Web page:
‘For Donald Mackintosh: There were various shooting events at the Olympic Games in 1900 in Paris with unclear status. In the past, these events created some controversies and errors among Olympic historians. Today this event is not considered as an Olympic event by the IOC …
Francis Gailey is listed as having won medals for the United States. The reason for this is that, as per the rules in force at the 1904 Games, an athlete was registered by a club and as such his/her status was linked to the ‘nationality’ of the club. In the case of Mr. Gailey, he was entered by the San Francisco Olympic Club. As such, despite his Australian citizenship, he is designated as a participant for the United States due to the fact that the club was American.
In 2012, this writer questioned the AOC about Mackintosh’s status as an Olympic medal winner. Quickly, a story appeared stating that the IOC’s decision to delete the shooter from Australia’s list of medal winners was ‘bewildering’. But Mackintosh’s name no longer appears on the AOC’s list of Australian gold-medal winners.
In regards to Gailey, the IOC’s Olympic Studies Centre has recently confirmed that they still regard the Australian-born swimmer as having ‘competed for the United States of America’.
It must be said that the AOC’s case for Gailey to be recognised as an Australian representative remains compelling. Most likely, their argument will eventually win the day. But, with significant landmarks approaching, what should be done for now? Can the AOC ‘go it alone’ when logic says if the IOC regards Gailey as an American representative, he must — at least in terms of overall medal counts — remain American?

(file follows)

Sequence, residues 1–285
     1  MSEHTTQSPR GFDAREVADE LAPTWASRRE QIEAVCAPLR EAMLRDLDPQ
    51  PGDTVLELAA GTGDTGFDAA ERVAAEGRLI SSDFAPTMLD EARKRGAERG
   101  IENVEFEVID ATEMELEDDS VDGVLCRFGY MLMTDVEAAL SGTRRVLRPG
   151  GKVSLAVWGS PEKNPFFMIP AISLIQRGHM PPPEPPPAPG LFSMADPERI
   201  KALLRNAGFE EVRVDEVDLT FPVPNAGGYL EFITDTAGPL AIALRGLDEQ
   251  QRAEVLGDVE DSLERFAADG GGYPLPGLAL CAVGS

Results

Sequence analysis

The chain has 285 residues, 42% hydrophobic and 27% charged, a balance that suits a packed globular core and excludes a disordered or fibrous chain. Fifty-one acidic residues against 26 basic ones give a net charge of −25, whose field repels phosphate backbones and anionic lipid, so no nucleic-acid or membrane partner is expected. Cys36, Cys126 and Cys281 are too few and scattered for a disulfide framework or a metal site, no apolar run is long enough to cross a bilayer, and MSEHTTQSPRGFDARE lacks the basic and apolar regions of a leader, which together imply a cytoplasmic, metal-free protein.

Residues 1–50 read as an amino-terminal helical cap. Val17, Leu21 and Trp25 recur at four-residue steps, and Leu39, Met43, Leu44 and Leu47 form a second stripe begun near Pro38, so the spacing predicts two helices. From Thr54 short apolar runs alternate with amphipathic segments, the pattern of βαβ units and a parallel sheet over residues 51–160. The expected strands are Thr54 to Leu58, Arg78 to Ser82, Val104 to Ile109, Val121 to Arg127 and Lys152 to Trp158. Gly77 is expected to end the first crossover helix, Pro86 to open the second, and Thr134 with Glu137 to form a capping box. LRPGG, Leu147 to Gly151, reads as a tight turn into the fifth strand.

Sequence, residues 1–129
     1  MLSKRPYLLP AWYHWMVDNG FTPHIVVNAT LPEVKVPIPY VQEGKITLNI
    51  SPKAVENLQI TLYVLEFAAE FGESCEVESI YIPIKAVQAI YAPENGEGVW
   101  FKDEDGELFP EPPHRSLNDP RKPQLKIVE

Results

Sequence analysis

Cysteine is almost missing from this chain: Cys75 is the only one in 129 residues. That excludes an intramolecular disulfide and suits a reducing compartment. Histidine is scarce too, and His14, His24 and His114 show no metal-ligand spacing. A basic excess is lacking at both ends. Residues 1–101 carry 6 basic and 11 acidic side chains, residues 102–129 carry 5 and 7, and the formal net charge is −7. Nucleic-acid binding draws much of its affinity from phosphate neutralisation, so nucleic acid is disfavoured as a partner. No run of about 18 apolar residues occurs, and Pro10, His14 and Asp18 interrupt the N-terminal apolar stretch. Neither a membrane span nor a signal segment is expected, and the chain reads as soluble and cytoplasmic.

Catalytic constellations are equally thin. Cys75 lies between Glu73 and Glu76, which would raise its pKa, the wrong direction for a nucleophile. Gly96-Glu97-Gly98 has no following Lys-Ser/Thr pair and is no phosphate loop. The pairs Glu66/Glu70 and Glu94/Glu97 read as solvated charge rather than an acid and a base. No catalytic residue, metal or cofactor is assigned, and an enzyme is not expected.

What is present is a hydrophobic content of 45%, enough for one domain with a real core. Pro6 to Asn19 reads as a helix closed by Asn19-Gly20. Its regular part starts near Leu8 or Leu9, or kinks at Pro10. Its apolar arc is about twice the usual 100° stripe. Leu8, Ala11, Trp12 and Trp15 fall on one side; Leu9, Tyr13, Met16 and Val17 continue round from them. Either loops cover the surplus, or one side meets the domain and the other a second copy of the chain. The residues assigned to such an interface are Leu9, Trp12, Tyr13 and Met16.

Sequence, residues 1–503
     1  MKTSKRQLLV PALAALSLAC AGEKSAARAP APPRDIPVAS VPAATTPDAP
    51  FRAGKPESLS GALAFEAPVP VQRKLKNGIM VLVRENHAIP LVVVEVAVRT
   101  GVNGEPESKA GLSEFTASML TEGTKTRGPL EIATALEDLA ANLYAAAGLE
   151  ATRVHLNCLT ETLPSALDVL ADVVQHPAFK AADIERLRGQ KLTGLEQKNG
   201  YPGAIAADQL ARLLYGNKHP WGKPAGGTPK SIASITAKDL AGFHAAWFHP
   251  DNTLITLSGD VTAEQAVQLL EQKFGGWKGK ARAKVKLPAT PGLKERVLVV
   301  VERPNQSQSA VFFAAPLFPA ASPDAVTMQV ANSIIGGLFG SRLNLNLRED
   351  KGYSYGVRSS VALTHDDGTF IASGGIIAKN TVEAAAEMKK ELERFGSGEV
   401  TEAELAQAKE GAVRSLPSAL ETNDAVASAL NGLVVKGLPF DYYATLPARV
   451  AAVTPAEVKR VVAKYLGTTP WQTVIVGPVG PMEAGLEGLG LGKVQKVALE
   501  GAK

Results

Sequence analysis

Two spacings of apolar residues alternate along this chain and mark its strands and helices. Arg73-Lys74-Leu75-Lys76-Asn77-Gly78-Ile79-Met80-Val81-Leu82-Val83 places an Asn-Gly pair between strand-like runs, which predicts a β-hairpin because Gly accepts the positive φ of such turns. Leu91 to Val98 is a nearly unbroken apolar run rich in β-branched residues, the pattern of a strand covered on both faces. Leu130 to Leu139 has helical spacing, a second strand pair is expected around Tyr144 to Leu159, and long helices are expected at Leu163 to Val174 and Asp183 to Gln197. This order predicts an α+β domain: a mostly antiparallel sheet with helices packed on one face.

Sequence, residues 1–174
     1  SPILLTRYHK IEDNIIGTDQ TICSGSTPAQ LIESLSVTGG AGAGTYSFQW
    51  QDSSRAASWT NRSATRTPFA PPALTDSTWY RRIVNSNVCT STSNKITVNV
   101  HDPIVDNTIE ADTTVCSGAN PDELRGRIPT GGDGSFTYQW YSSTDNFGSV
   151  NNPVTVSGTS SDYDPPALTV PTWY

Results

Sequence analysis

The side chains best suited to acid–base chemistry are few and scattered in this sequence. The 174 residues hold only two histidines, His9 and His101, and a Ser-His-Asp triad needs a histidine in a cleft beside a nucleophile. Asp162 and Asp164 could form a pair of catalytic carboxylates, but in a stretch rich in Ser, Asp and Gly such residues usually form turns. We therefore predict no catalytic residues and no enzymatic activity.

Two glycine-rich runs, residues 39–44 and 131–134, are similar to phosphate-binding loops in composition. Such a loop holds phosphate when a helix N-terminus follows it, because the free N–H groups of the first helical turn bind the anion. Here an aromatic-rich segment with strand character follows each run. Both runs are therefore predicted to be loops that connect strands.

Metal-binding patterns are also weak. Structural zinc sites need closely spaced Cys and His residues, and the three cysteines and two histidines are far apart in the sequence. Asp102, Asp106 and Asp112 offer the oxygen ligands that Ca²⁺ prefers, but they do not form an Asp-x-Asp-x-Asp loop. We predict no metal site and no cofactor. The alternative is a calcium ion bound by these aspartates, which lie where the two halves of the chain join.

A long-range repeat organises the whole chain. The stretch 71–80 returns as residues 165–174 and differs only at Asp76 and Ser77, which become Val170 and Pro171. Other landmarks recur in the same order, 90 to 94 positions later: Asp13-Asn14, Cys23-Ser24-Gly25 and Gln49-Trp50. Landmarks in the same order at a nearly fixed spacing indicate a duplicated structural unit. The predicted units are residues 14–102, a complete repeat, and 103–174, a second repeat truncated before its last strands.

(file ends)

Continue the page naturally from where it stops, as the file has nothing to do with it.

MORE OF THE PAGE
If Gailey is designated as a US swimmer, and with Flack a ‘mixed-team’ tennis player and Mackintosh a non-Olympian, Australia’s requirement to reach the 500 medals across Summer and Winter Olympics stands as the IOC database has it: 10 medals needed. Take out the Winter Olympics, and the target becomes 22. Australia won eight gold, 15 silver and 12 bronze medals in 2012.
In regards to gold medals won at Summer and Winter Games, Australia needs three victories in Rio for 150. Restricting the count to just Summer Olympic medals increases the target to eight. At the moment, we all seemed agreed on that.
Back in 2000, when Cathy Freeman was lauded as our 100th gold medal winner at the Summer Games, Donald Mackintosh was still considered in most quarters to be an Olympian and Dr Mallon and his cohorts were still to complete their research. With Mackintosh out, Australia’s 100th gold medal was actually won two days later by Lauren Burns in the women’s flyweight taekwondo.
In Rio, it would be nice to get the name of our 500th medal winner right. Not just for the moment, but forever.